The next day I saw a photo on the front page of a newspaper; someone had caught a bloom of flames immediately after one of the crashes, and as I looked at it closer, I realized that the object I was seeing in that picture was that of a man's leg, from the knee down, with sneaker still intact on the foot. I have since searched for that photo ( don't remember what paper it was) but have been unable to locate it.

The more films and videos I saw of that day, the more I came to think that the ones who died immediatley that day were the "lucky" ones, never having known what hit them. Those who decided that it was better to die by leaping from the building rather than burn to death.....my heart sinks when I think of it, and when I saw the film where you heard, "thud", "thud", of the bodies hitting ground. OMG. And when the buildings collapsed I had a vivid picture in my mind of hundreds of screaming souls rising up in the flames and clouds.....

But the thing that affected me the most was the firemen and cops standing, helpless in the rubble while all those personal locators were chirping and beeping, each one belonging to a now dead responder.....I can't even explain what I felt...horror, sorrow, there was nothing I could do but feel the pain radiating from that scene. That sound is one of the most desolate, unconsolable things I have ever heard.

I pray for the souls of the lost and dead, and the lives of those whose loved ones are gone, and the brave ones who dedicated their lives that day and since then, to protect and serve, to stand up for all of us, and to protect our country. Their lives are so hard, yet it does not stop them. I am forever grateful.

I still occassionally watch some of the documentaries made of that day. My husband doesn't understand why I do.....I'm sort of paying hommage and 'not forgetting', I guess.

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My husband watches it all with me, every year........in his way, he feels as much of a need to remember as I do.

I know what you mean about the lonely chirping of those personal locators. That sound sort of punctuated the shock and horror we all felt that day; and the frantic twittering of sirens from ambulances and fire trucks evoke some of the most powerful memories of 9/11 for me.

I think it's because at that time, they meant that something really and truly horrifying had happened on a tremendous scale, and that massive numbers of human beings were probably dead. I knew that the Twin Towers could hold enough people to populate a small city, and I remember shuddering at the idea that tens of thousands could have been in there when they fell. Naturally, along with everyone else I was thankful that the final tally was much smaller---slightly fewer than 3,000 souls altogether---but it was small comfort in light of the fact that none of them deserved to die that morning. And those sounds will always remind me of that. :crying2:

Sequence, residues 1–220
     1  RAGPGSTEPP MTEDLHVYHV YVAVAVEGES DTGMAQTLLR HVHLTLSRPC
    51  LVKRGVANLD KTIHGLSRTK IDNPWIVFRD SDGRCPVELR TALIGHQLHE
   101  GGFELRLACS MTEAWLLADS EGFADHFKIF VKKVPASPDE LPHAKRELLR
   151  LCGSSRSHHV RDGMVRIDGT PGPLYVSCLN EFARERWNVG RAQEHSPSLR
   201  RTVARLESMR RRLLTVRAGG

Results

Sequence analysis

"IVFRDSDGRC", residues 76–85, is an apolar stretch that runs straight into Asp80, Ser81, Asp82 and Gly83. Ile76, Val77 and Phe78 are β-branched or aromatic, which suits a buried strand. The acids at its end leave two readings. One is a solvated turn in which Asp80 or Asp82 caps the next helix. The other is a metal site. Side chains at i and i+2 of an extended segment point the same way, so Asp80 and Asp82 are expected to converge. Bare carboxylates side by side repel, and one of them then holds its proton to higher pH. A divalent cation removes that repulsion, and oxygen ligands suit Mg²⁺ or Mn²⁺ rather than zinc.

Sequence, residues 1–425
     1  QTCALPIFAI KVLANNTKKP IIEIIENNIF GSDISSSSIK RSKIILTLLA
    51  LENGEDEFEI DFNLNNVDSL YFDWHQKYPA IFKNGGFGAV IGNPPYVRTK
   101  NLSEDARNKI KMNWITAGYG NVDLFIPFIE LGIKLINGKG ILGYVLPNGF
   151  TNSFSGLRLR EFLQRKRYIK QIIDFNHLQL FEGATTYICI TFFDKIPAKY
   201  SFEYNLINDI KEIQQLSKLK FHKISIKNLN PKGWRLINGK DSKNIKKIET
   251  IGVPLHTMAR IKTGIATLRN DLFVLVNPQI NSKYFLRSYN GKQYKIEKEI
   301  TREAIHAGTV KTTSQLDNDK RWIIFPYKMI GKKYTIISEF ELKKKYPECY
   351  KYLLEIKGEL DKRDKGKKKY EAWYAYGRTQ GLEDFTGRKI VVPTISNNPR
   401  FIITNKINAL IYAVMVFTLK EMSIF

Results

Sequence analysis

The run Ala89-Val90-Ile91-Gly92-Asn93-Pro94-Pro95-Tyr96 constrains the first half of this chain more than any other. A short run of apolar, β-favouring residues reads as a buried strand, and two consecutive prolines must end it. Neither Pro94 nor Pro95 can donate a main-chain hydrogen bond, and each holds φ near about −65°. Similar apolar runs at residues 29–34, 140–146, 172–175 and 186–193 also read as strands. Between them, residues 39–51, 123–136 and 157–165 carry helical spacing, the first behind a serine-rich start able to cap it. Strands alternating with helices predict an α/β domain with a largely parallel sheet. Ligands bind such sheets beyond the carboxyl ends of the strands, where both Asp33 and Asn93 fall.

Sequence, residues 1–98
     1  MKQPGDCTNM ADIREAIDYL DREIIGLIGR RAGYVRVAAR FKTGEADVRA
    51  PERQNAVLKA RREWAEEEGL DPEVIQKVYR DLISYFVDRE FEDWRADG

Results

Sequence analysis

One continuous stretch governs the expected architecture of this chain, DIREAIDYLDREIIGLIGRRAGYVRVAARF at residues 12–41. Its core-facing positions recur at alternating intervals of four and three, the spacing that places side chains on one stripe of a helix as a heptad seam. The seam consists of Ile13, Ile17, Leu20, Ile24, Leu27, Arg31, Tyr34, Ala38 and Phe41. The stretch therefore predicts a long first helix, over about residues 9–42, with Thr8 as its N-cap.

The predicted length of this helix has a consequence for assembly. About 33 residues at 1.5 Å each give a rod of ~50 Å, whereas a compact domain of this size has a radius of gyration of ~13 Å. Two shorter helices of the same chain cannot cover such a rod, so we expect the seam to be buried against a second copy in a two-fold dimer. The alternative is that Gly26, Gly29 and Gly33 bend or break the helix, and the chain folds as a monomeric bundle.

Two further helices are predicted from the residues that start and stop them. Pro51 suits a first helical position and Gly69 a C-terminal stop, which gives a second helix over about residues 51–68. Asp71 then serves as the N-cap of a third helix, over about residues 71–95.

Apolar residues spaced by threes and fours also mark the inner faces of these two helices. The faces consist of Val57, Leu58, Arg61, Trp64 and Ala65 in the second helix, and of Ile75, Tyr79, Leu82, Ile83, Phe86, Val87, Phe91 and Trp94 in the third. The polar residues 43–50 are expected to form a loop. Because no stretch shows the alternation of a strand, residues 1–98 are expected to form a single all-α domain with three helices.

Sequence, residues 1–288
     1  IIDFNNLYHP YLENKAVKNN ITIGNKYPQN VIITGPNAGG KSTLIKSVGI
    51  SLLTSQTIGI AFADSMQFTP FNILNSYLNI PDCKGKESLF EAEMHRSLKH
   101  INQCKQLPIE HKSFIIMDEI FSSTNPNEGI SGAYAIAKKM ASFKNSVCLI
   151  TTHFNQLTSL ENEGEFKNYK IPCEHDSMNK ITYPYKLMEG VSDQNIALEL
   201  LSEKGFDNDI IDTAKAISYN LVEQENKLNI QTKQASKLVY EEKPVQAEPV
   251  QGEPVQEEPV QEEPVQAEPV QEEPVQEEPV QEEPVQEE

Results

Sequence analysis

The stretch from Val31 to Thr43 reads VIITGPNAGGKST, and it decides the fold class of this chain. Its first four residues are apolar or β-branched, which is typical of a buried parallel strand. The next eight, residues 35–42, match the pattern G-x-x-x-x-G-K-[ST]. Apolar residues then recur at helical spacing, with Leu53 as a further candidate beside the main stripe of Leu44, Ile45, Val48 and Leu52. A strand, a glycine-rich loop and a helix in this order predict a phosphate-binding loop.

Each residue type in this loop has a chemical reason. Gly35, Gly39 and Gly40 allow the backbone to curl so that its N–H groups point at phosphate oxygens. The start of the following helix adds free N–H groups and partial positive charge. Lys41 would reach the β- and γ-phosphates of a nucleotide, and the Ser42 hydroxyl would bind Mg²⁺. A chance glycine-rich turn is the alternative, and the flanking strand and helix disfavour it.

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I came across this today and really like it. He's a lot more verbose than I am (which is saying a lot), and much more articulate as well.

On September 10, 2001, I was a 20-year-old American history student in my junior year at UC Berkeley, hopeful that the next decade would be as relatively placid as the Clinton years. My friends and I sat and watched This Is Spinal Tap that night, embodying that pre-9/11 mentality that has been so viciously derided ever since.

A phone call from my dad woke me up the next morning. A few of my roommates were already watching the news. Talking heads on Fox, which I had preferred to the statist liberals on CNN, were calling for blood, saying it was time to let loose "the dogs of war." It was the beginning of a nightmare that has so far lasted ten years.

Although my college buddies and I lived in the pre-9/11 bubble, having come of age in the boom times of the 1990s, we were not ignorant of the conditions that likely led to this attack – one-sided support for Israel, the U.S. troops stationed in Saudi Arabia, the sanctions that killed half a million Iraqi children. Libertarians and others had warned for years about the threat of blowback. Berkeley was a fairly safe place to be a peacenik and that month I was glad to be where I was. Nevertheless, it was depressing that virtually no one in the wider culture was drawing the clear connection between terrorism and America's brutal policy of wars, sanctions, and occupations.

With very few exceptions, war fever swept the nation in September 2001. The entire right, barring a few voices in the wilderness, reverted to full-blown jingoist nationalism. Most progressives were at the best ambivalent on the prospect of war against the Taliban. Even many libertarians clung to the state for protection. Prominent Objectivists demanded that the U.S. nuke ten countries as a show of force.

A Bloody Decade of Fear and Vaunting by Anthony Gregory

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What are y'all's thoughts about what's coming up?

I still cry at the footage, and I had nobody there/nearby who was effected.